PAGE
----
Gifts can also be made by check, payable to Ngakpa International, and mailed to Ngakpa International, P.O. Box 2396, Nevada City, California 95959, USA. Ngakpa International is a 501(c)(3) nonprofit EIN 68-0529687 and all gifts are tax-deductible as allowed by law.
The Heart Sutra
with Pema Khandro, Ph.D
& Geoffrey Shugen Arnold, Roshi
December 1 – 3
9am PST San Francisco | 12pm EST New York | 5pm GMT London
The Heart Sutra for more than two thousand years has been chanted daily by Buddhists around the world. Known as Prajnaparamita, the Heart Sutra, powerfully illuminates the path of freedom from suffering. The Heart Sutra contemplates the way we perceive, and what is beyond what our dualistic assumptions portray. This course with Lama Pema Khandro & Shughin Roshi explores the Heart Sutra from the Tibetan Buddhist perspective including the pivotal teachings of the four extreme mistakes on the spiritual path, discovery of one’s true nature and one’s true purpose.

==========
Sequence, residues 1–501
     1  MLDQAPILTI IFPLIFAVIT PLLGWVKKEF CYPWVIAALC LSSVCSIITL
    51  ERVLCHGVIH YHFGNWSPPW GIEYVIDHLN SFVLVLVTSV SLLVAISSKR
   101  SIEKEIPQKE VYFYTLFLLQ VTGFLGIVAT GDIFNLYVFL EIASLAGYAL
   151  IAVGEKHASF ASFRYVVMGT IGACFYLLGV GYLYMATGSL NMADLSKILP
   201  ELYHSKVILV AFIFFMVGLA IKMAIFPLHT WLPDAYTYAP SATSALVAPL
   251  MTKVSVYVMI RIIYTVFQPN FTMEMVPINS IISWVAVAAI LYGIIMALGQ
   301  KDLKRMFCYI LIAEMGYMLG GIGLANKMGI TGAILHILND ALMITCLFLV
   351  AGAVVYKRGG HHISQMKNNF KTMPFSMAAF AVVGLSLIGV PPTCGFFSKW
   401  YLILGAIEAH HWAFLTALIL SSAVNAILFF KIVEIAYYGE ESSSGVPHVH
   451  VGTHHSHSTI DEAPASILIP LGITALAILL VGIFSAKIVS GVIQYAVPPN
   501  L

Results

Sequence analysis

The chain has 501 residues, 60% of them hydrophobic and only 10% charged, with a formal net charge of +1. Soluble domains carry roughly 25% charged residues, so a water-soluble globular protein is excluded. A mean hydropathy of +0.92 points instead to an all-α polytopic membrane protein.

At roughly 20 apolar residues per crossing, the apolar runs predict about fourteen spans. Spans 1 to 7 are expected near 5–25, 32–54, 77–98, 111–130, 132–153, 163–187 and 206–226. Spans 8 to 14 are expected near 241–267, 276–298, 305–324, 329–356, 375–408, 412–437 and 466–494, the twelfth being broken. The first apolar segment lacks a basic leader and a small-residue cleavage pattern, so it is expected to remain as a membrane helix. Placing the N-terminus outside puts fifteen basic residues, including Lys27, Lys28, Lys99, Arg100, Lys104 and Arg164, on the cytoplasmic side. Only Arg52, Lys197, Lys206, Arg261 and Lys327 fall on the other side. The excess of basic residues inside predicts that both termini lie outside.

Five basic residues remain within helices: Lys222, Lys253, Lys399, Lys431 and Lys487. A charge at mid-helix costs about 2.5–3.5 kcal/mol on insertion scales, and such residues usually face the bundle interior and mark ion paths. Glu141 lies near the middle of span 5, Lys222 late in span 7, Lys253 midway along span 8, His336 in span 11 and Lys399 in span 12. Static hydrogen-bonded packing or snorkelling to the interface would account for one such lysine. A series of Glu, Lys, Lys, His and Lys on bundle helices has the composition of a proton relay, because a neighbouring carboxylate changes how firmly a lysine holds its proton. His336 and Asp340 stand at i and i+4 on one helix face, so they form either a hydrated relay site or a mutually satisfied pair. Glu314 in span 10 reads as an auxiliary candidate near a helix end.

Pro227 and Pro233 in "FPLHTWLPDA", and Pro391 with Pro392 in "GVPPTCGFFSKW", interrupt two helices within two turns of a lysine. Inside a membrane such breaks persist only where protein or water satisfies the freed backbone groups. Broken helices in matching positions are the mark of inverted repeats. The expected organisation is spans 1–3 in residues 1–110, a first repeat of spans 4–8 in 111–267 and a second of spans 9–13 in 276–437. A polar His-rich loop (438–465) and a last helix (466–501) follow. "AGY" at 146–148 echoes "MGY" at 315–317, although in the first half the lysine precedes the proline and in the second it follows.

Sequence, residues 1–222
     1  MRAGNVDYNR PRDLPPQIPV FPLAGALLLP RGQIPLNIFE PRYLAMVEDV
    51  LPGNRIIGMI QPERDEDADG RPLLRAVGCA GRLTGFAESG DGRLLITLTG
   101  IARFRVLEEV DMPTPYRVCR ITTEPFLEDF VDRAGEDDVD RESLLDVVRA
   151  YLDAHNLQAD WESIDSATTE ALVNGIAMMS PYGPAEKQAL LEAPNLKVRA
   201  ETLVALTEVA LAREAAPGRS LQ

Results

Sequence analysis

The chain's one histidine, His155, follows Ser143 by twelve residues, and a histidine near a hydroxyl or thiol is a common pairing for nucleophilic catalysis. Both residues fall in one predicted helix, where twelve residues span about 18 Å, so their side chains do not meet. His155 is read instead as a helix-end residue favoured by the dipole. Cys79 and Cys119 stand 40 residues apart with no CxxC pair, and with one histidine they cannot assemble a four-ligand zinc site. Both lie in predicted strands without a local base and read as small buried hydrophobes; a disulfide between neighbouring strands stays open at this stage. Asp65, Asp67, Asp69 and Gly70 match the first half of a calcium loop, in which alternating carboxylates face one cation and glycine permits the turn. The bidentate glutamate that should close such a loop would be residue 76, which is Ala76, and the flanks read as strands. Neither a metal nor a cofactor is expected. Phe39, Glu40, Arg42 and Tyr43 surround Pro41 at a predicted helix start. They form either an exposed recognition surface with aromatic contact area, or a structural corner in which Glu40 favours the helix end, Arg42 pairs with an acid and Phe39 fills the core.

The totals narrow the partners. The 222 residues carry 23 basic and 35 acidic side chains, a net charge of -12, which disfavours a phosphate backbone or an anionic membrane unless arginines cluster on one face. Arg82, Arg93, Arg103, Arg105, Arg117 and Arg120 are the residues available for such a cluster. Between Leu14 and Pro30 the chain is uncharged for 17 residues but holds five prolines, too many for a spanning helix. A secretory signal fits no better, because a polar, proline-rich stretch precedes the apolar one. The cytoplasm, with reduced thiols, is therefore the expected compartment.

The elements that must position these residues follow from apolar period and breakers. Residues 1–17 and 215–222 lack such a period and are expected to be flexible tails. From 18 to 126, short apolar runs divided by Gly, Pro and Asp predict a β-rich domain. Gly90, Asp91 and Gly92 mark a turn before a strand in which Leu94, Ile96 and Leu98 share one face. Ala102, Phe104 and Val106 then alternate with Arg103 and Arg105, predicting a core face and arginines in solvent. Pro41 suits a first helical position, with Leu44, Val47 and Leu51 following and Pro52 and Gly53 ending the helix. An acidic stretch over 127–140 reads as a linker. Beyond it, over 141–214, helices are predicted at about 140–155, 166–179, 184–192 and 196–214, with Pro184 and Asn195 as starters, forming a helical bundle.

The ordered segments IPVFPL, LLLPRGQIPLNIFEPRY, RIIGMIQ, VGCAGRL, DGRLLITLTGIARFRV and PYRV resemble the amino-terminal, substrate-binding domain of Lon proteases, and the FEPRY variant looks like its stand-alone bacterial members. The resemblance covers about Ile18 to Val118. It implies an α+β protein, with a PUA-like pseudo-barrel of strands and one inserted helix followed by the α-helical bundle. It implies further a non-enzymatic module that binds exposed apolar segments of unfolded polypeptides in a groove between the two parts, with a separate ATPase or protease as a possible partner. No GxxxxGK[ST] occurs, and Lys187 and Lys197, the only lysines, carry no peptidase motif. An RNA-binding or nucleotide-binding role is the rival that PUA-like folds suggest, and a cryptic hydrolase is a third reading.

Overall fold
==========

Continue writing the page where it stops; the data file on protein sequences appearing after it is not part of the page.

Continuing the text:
The 21 Taras Pema Khandro’s Birthday Celebration & Fundraiser
Online & In-person at Dakini Mountain
December 2, 2023
6pm – 7:30pm PT San Francisco
9pm – 10:30pm ET New York
1pm- 2:30pm AEDT Sydney
The twenty-one taras is a sublime chanting meditation and praise of the forms of the female Bodhisattva Tara, each one a contemplation of all the forms of compassion ranging from gentle to fierce. This event explores the outer, inner and secret meaning of the twenty-one taras.
This will be a joyous celebration in honor of our beloved Pema Khandro’s birthday.